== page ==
In 2008, Barack Obama won the Catholic vote by nine points, 54/45, over John McCain on his way to a seven-point victory in the national popular vote. Three months after announcing the HHS mandate that would force religious hospitals, schools, and charities to fund contraception, sterilization, and abortifacients, Obama has lost that edge among the tens of millions of Catholic voters. A new Gallup poll shows Obama in a dead heat with Mitt Romney, at just about the same level as McCain got in 2008:
Catholic voters in the United States are evenly split in their support for Barack Obama and Mitt Romney for president, mirroring the national trend. However, Hispanic Catholics — about 18% of the total group of Catholic voters — are overwhelmingly likely to support Obama over Romney, while a majority of non-Hispanic white Catholics support Romney.
Obama led Romney by one percentage point, 46% to 45%, among the more than 8,000 registered voters interviewed as part of Gallup Daily tracking conducted April 11-30. Among the 1,915 Catholics interviewed during that time, support for Obama and Romney was almost the same, with 46% support for Obama and 46% for Romney.
Catholics’ divided preferences at this point contrast with those of the largest religious group in the country, Protestants, whose support swings to Romney by 51% to 41%. The split in Catholics’ preferences also differs from the choice among those who identify with another religion or no religion at all, a group that clearly supports Obama, by 58% to 33%.
The Protestant vote is going to be a problem for Obama, too. He lost Protestants to McCain by the same numbers, 45/54. However, the difference in both numbers is that Obama is a known quantity this time, unlike in 2008. Those who remain undecided now are much less likely to break towards the incumbent. Romney already has a ten-point lead among Protestants, and could easily stretch it out to the mid-teens by Election Day. Protestants made up 54% of the electorate in 2008, and it’s probably a safe bet that they’ll turn out even stronger in 2012.
Obama won despite the disadvantage mainly because of his strength among Catholics. Gallup tries to soften the blow by noting that Obama does very well among Hispanic Catholics, 70/20, but they are only about 18% of the bloc. Obama is deeply unpopular among non-Hispanic Catholics, 38/55. Whatever else happens, the Catholic vote won’t come to Obama’s rescue in 2012 as it did in 2008.
The US Conference of Catholic Bishops have not relented one iota on the issue of the HHS mandate, which means these numbers won’t be improving any time soon. That may even start having an impact on Obama’s lead among Hispanic Catholics. Obama will have to defend this intrusion on religious expression, thanks to the USCCB’s energetic attacks, but the administration will have to do better than this:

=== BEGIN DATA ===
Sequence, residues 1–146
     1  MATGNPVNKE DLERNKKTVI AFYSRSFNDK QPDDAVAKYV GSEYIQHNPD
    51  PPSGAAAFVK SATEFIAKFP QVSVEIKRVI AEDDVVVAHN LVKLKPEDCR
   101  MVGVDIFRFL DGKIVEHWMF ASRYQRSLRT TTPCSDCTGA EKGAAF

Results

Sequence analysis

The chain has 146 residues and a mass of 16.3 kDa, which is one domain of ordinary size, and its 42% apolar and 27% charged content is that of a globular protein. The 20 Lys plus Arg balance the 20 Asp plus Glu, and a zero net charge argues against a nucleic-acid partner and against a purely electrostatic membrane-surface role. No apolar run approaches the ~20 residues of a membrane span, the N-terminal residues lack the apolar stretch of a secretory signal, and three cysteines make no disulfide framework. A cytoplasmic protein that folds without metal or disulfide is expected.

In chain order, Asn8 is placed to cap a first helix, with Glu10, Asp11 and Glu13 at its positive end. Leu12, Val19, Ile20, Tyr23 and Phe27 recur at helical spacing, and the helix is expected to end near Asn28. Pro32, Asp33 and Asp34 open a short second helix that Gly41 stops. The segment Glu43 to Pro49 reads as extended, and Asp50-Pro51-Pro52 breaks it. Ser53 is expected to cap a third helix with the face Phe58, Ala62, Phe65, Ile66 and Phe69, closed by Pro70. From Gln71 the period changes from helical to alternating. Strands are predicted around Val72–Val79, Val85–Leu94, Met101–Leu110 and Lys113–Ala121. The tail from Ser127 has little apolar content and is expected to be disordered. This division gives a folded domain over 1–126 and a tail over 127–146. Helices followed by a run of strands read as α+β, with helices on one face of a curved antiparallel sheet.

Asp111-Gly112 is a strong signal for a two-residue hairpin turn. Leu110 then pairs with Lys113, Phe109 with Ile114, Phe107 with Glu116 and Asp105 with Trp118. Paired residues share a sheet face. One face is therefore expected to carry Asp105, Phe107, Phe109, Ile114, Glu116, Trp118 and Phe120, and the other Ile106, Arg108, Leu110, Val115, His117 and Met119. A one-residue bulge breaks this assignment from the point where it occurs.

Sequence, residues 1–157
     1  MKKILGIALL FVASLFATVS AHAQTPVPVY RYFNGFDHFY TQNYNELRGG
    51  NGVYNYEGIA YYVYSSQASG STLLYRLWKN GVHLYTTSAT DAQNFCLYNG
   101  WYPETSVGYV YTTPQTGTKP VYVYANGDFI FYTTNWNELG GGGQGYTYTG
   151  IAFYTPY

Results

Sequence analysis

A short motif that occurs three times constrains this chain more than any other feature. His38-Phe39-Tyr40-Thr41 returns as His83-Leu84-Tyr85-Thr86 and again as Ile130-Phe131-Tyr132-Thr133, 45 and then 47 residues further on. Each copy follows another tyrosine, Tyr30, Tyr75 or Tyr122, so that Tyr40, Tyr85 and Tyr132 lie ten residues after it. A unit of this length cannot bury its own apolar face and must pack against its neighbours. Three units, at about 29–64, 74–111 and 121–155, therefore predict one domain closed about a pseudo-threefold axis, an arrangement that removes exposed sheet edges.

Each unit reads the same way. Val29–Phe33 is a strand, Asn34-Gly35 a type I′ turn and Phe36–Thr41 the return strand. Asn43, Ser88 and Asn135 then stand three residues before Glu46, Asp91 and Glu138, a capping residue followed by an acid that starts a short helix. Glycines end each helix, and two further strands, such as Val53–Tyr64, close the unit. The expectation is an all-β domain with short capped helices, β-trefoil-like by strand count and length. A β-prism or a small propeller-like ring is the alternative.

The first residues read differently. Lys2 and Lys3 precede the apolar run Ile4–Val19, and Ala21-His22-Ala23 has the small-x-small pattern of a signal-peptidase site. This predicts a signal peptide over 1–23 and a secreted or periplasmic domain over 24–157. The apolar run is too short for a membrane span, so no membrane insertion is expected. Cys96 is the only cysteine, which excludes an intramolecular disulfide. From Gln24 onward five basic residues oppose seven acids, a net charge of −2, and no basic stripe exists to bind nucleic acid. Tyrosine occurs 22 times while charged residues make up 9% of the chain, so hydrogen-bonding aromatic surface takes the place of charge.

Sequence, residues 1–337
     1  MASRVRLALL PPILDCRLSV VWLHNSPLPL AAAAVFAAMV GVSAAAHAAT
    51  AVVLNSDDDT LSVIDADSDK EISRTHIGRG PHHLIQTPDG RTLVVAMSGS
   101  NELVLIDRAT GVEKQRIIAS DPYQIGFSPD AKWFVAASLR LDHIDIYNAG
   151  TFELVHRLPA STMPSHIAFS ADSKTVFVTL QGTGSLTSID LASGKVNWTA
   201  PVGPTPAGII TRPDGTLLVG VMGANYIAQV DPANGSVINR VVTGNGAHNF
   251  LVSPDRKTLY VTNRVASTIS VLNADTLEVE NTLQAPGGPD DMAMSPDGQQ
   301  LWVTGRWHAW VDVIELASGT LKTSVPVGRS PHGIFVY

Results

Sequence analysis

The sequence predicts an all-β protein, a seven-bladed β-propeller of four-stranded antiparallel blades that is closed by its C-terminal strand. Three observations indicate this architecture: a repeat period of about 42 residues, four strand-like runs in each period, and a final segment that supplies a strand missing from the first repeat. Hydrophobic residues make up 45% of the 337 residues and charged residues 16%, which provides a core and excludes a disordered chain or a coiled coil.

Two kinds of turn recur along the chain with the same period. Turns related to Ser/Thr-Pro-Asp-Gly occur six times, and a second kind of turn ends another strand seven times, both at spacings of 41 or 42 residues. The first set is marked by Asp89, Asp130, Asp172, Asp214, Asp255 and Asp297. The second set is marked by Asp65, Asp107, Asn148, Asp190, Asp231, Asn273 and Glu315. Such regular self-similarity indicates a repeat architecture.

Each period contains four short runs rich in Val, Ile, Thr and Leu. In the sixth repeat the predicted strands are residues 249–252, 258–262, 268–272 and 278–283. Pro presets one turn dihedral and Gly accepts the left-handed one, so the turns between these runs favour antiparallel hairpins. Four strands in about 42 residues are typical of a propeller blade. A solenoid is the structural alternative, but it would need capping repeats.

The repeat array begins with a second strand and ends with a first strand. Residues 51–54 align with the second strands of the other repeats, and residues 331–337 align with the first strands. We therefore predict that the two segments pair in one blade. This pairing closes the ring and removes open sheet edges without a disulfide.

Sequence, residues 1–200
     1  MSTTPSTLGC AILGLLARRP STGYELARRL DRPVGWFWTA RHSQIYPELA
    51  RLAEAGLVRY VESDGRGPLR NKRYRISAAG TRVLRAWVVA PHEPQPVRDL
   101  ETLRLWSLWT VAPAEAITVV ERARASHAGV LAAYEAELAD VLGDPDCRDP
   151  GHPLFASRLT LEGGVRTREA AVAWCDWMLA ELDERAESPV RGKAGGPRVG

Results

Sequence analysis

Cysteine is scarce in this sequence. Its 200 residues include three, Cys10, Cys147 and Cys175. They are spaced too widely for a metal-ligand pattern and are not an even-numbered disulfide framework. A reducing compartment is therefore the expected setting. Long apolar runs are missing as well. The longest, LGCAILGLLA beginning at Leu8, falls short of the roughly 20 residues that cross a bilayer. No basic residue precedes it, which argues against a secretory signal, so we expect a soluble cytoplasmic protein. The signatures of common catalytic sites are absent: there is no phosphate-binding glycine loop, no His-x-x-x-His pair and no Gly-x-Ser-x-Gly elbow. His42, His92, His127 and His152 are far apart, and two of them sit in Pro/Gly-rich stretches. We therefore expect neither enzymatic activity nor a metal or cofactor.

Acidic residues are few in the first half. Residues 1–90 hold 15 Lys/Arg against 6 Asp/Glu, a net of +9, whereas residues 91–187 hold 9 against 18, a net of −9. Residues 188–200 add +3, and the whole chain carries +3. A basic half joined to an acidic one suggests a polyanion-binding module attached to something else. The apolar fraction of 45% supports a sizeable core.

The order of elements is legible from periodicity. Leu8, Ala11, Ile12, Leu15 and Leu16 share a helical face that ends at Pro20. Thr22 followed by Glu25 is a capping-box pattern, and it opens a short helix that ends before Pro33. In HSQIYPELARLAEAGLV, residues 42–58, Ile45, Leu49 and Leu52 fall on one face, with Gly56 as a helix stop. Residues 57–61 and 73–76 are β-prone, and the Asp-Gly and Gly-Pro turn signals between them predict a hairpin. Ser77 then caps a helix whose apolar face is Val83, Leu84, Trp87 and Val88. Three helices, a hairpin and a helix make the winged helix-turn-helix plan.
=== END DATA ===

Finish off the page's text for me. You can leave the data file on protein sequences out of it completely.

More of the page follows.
In sworn testimony before the House Education and Workforce Committee, Health and Human Services Secretary Kathleen Sebelius said that her general counsel did not write a legal memo explaining the religious freedom issues in the birth control mandate. During the same line of questioning, Sebelius also admitted to being unfamiliar with several important Supreme Court religious freedom cases.
Rep. Trey Gowdy (R-S.C.) said that he knew of only three tests that the Supreme Court has used to balance a constitutionally protected freedom against a policy goal. He described those three tests and then asked Sebelius last Thursday, “Which of those three constitutional balancing tests were you making reference to when you said you ‘balanced’ things?”
“Congressman, I’m not a lawyer and I don’t pretend to understand the nuances of the constitutional balancing tests,” Sebelius answered.
“Before this rule was promulgated, did you read any of the Supreme Court cases on religious liberty?” Gowdy later asked.
Sebelius answered that she did not.
Chris Cillizza and Rachel Weiner underscore the importance of this bloc:
As Gallup’s Frank Newport notes in a memo on the findings, Catholics have historically been a Democratic-leaning constituency — the party can thank John F. Kennedy for that one — but in recent decades have become more of a toss-up voting bloc.
The eight presidential elections reveal how up for grabs Catholics truly. The Republican nominee has carried Catholics four times, the Democratic nominee has carried Catholics four times. …
Keep an eye on the Catholic vote between now and November. How it goes will tell you a lot about who is going to be the next president.
And as long as the bishops maintain the fight against the Obama administration — and they defend the mandate so badly — it won’t be Obama who wins this bloc.